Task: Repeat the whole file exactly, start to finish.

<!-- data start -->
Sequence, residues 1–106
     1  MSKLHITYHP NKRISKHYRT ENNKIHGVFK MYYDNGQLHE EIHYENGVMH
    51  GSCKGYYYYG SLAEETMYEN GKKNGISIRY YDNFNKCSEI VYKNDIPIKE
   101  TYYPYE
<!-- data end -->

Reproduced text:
Sequence, residues 1–106
     1  MSKLHITYHP NKRISKHYRT ENNKIHGVFK MYYDNGQLHE EIHYENGVMH
    51  GSCKGYYYYG SLAEETMYEN GKKNGISIRY YDNFNKCSEI VYKNDIPIKE
   101  TYYPYE